UCLA Researchers Further Refine 'Nanovelcro' Device to Grab Single Cancer Cells from Blood
Researchers at UCLA report that they have refined a method they previously developed for capturing and analyzing cancer cells that break away from patients' tumors and circulate in the blood. With the improvements to their device, which uses a Velcro-like nanoscale technology, they can now detect and isolate single cancer cells from patient blood samples for analysis.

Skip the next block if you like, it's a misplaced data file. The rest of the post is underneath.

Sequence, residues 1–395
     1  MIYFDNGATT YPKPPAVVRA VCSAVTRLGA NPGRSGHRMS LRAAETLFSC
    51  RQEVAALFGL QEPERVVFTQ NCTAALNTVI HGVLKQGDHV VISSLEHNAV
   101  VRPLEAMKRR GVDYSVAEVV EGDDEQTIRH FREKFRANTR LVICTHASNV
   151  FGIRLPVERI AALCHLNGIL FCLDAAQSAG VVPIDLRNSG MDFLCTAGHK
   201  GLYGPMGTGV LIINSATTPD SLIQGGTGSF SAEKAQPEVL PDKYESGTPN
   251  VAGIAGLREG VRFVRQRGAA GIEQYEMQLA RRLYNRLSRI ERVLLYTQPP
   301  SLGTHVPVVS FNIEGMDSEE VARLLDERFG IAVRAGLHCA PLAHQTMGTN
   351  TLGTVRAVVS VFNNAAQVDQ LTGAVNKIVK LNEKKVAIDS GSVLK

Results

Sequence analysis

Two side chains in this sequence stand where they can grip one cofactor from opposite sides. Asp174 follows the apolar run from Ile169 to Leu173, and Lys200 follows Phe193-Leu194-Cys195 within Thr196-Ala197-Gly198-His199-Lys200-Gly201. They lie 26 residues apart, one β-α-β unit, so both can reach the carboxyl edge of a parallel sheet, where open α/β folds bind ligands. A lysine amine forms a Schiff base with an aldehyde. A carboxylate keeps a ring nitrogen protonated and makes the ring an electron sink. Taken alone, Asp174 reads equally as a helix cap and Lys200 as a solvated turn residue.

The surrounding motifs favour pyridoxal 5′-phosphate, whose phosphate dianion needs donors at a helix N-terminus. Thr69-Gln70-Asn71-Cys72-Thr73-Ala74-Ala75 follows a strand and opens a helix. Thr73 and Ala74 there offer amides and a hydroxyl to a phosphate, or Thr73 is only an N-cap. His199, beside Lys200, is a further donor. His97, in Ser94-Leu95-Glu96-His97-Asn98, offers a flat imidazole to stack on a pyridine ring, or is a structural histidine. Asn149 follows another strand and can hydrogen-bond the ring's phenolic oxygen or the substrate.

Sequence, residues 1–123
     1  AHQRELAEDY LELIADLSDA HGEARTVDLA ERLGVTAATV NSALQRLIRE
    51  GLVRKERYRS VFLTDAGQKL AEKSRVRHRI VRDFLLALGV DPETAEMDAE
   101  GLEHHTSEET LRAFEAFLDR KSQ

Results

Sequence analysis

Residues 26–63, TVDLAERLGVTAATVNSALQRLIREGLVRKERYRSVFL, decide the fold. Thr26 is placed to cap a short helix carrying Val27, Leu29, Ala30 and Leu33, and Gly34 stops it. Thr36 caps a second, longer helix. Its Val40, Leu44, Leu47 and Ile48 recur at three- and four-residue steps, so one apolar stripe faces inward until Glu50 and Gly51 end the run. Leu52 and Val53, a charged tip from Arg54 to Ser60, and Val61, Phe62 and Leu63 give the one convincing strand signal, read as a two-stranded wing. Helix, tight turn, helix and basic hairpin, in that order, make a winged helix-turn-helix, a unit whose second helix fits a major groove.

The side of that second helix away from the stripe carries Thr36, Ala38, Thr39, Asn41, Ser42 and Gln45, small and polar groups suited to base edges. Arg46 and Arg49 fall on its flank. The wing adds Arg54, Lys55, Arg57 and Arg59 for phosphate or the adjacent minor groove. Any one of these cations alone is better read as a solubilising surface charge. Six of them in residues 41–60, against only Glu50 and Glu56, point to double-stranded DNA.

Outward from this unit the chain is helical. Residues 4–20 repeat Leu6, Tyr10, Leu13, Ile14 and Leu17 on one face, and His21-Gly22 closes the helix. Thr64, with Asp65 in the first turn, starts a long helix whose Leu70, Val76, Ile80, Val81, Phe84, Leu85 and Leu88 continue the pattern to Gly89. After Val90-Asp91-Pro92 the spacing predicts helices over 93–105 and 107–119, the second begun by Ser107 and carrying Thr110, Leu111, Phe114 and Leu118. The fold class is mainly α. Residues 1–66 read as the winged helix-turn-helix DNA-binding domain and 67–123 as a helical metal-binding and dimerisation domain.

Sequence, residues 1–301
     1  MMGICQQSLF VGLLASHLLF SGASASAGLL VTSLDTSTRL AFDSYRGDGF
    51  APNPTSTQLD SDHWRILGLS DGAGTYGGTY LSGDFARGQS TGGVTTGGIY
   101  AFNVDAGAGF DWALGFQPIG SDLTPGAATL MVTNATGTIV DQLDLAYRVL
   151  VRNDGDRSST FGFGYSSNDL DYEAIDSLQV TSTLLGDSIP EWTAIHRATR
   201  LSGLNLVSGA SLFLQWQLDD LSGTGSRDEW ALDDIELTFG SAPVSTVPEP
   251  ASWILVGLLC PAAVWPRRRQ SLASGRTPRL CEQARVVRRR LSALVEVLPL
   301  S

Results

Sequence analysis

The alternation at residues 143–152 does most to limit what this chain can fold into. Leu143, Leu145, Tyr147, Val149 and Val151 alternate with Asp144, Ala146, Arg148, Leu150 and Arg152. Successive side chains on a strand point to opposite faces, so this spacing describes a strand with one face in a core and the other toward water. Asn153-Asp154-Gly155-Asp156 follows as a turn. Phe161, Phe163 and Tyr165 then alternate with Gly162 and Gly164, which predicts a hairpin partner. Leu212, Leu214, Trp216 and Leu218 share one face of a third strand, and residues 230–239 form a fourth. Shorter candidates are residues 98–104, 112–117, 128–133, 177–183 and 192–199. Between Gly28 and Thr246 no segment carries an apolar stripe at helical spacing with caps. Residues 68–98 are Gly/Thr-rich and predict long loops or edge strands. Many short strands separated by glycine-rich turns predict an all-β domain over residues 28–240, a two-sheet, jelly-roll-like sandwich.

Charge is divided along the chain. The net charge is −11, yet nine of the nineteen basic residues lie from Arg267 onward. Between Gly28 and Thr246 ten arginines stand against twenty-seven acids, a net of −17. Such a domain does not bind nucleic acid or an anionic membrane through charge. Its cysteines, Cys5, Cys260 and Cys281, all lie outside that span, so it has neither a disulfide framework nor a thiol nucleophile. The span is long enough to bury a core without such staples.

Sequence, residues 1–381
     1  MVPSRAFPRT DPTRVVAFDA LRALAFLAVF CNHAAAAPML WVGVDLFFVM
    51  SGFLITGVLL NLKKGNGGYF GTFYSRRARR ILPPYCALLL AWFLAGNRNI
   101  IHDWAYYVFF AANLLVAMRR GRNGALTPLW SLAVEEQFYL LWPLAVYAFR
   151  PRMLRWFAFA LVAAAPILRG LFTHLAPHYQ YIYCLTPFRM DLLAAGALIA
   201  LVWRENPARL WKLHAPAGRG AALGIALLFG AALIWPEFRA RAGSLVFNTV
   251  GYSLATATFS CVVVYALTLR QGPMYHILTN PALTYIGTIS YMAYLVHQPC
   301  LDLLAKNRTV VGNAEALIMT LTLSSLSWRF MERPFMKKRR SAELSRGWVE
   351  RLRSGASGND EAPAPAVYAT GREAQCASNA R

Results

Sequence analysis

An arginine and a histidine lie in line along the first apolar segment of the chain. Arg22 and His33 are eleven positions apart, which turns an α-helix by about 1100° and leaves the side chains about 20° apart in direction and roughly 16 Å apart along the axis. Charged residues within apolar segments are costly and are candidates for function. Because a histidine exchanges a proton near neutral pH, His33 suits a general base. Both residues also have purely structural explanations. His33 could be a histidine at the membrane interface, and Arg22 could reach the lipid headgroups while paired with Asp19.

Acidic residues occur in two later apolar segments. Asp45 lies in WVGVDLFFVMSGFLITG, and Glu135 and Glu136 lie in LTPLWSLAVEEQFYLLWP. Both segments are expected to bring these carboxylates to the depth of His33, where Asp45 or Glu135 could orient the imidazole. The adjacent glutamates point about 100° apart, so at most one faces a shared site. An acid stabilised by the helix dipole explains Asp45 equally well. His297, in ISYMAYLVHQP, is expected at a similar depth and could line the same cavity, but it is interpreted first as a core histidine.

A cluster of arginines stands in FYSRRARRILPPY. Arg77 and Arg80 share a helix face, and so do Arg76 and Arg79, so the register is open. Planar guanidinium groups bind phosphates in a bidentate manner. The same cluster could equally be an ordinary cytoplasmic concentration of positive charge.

Circulating tumor cells, or CTCs, play a crucial role in cancer metastasis, spreading from tumors to other parts of the body, where they form new tumors. When these cells are isolated from the blood early on, they can provide doctors with critical information about the type of cancer a patient has, the characteristics of the individual cancer and the potential progression of the disease. Doctors can also tell from these cells how to tailor a personalized treatment to a specific patient.